Surrounding Ted are a group of amiable, well-defined characters. Coach Beard (Brendan Hunt, also reprising his role from the NBC ads) is Ted’s quiet, eccentric, second-in-command who knows just when to push his head coach on an important point; Nate (Nick Mohammed) is a timid equipment manager holding back a few bright bits of soccer strategy; Jamie (Phil Dunster) and Roy (Brett Goldstein) are the dueling stars of AFC Richmond: one a hotheaded youngster who enjoys the spotlight a little too much, and the other an aging veteran clinging to past glory in his twilight years. Juno Temple is the least thoroughly sketched member of a strong ensemble, and she still manages to steal most scenes she’s in (playing Keeley, a social media influencer who dates Jamie).

Then there’s the evil new owner, Rebecca (Hannah Waddingham); the de facto villain out to embarrass Ted and run his team into the ground; the female antagonist in a sport dominated by men, just like “Major League.” Except… that’s not really Rebecca’s role here. Yes, her actions instigate everything that follows, but she’s not a cartoonish scoundrel who the team unites to defeat; she’s a pained divorcee, defined by a sexist culture and isolated because of it. “Ted Lasso” gives her an ample arc, and Waddingham turns in a sensitive performance that emphasizes what Rebecca is feeling even when she won’t allow herself to say the words. Plus, with a cast heavy on men, Rebecca and Keeley form the most meaningful friendship.

Ted Lasso Juno Temple Apple TV+

Juno Temple in “Ted Lasso”

Apple TV+

“Ted Lasso” could benefit from a bit more from Keeley and from trimming a few minutes from most episodes, but Lawrence crafts such a welcoming space it’s hard to complain too much about overfilling it. To that same end, it’s meaningless to moan over a lack of laughs. Most of the comedy comes from the expressive actors or one-off quips that still drive the story forward. “You beating yourself up is like Woody Allen playing the clarinet: I don’t want to hear it,” Ted says to a distressed player. That’s a good line! It’s also a line that, with very slight tweaking, could be more pointed and thus more noticeable. But that’s not reflective of who Ted is or what “Ted Lasso” wants to be. Unlike the ads that preceded it, the goal here isn’t to go viral with lethal one-liners; it’s to deliver an absorbing, heartfelt crowd-pleaser with wit and charm.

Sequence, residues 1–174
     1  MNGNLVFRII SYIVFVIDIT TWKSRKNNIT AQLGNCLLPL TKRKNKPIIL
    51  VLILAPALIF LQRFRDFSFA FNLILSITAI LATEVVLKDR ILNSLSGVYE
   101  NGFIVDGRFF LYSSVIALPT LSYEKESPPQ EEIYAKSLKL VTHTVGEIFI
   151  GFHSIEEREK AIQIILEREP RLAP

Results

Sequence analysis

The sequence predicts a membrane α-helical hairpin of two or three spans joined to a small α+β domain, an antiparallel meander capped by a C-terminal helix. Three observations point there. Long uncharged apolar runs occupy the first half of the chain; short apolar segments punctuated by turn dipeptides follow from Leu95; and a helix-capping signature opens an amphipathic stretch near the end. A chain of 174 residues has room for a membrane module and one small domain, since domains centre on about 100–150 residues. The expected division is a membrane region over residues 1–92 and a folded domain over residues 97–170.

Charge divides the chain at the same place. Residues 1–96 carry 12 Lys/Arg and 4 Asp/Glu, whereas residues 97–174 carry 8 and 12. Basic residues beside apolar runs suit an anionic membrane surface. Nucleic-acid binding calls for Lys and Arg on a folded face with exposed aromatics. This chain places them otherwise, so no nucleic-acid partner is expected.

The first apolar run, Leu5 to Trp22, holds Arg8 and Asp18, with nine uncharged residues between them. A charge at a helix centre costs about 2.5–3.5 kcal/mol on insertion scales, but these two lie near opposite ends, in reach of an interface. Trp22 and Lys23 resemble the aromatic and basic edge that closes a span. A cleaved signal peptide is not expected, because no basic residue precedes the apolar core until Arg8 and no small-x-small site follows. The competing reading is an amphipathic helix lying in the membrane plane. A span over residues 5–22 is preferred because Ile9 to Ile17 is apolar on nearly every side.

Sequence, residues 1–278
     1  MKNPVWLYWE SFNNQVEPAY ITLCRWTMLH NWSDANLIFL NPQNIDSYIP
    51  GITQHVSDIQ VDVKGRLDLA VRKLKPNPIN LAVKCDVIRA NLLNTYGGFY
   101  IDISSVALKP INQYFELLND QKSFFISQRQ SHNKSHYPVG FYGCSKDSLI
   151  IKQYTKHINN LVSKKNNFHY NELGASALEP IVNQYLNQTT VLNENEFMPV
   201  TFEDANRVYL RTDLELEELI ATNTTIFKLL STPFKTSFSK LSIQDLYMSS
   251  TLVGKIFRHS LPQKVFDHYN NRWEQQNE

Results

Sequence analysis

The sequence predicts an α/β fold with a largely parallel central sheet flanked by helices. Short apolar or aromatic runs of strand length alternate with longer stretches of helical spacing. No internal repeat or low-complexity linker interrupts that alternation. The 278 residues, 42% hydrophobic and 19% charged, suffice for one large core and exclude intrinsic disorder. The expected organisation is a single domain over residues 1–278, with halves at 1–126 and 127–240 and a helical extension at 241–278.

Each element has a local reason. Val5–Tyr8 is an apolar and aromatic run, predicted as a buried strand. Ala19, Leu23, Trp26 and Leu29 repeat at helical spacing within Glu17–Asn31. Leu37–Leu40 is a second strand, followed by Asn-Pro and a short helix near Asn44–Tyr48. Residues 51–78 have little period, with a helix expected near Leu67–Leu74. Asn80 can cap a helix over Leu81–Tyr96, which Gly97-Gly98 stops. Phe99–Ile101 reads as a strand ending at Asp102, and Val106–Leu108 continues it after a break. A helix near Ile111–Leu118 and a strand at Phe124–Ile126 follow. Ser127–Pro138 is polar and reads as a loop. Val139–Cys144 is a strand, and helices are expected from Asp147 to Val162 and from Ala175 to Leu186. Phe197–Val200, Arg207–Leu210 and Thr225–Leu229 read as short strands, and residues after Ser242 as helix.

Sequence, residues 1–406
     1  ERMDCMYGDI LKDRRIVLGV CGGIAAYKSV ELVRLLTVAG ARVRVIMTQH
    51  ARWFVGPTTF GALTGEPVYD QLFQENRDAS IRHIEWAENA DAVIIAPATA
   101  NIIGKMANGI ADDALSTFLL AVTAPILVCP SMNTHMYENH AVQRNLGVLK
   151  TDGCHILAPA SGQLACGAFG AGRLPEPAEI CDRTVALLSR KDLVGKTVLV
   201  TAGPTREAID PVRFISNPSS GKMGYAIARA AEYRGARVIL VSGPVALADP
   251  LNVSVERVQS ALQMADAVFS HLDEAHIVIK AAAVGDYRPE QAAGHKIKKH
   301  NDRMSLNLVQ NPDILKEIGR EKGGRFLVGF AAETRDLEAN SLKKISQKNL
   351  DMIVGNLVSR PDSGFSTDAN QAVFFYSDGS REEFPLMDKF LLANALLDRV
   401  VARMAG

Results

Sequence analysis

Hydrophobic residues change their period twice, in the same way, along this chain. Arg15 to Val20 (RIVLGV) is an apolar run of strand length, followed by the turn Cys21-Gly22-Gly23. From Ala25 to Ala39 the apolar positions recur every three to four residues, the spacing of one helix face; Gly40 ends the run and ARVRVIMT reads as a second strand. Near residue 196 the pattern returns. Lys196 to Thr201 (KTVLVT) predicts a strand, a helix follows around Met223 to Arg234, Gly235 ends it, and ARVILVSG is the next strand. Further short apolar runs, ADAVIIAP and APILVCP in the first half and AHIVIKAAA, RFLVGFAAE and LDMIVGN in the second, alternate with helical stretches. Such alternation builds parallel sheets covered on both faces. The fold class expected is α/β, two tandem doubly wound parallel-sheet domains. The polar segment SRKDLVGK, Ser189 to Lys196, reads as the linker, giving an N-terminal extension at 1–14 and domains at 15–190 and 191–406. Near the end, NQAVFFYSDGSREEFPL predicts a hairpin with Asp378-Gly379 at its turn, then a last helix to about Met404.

One of Ted’s early statements that bites him in the butt is that he doesn’t care about winning or losing (or tying, which he often forgets can happen). He sees his job as helping each and every member of the team, on the field and off, perform their best. Ted’s not a brilliant strategist, and if there’s a major flaw in the first season, it’s that there are virtually no scenes of Ted putting in the work to better understand soccer. (It’s implied that he’s learning, instead of seeing Ted cracking the books or studying a little game tape.) This “life coach” interpretation of his job started when he was coaching kids, not professionals, and Ted is forced to recognize that change eventually. Still, his attitude is everything. Ted wins you over just like he does everyone else; you can believe his team wants to play better for him because you would, too. Like so many great sports stories before it, “Ted Lasso” thrives on the old adage that it doesn’t matter if you win or lose, but how you play the game. And “Ted Lasso” plays the right way.

Grade: B+

“Ted Lasso” will premiere its first three episodes Friday, August 14 with new episodes available weekly on Apple TV+.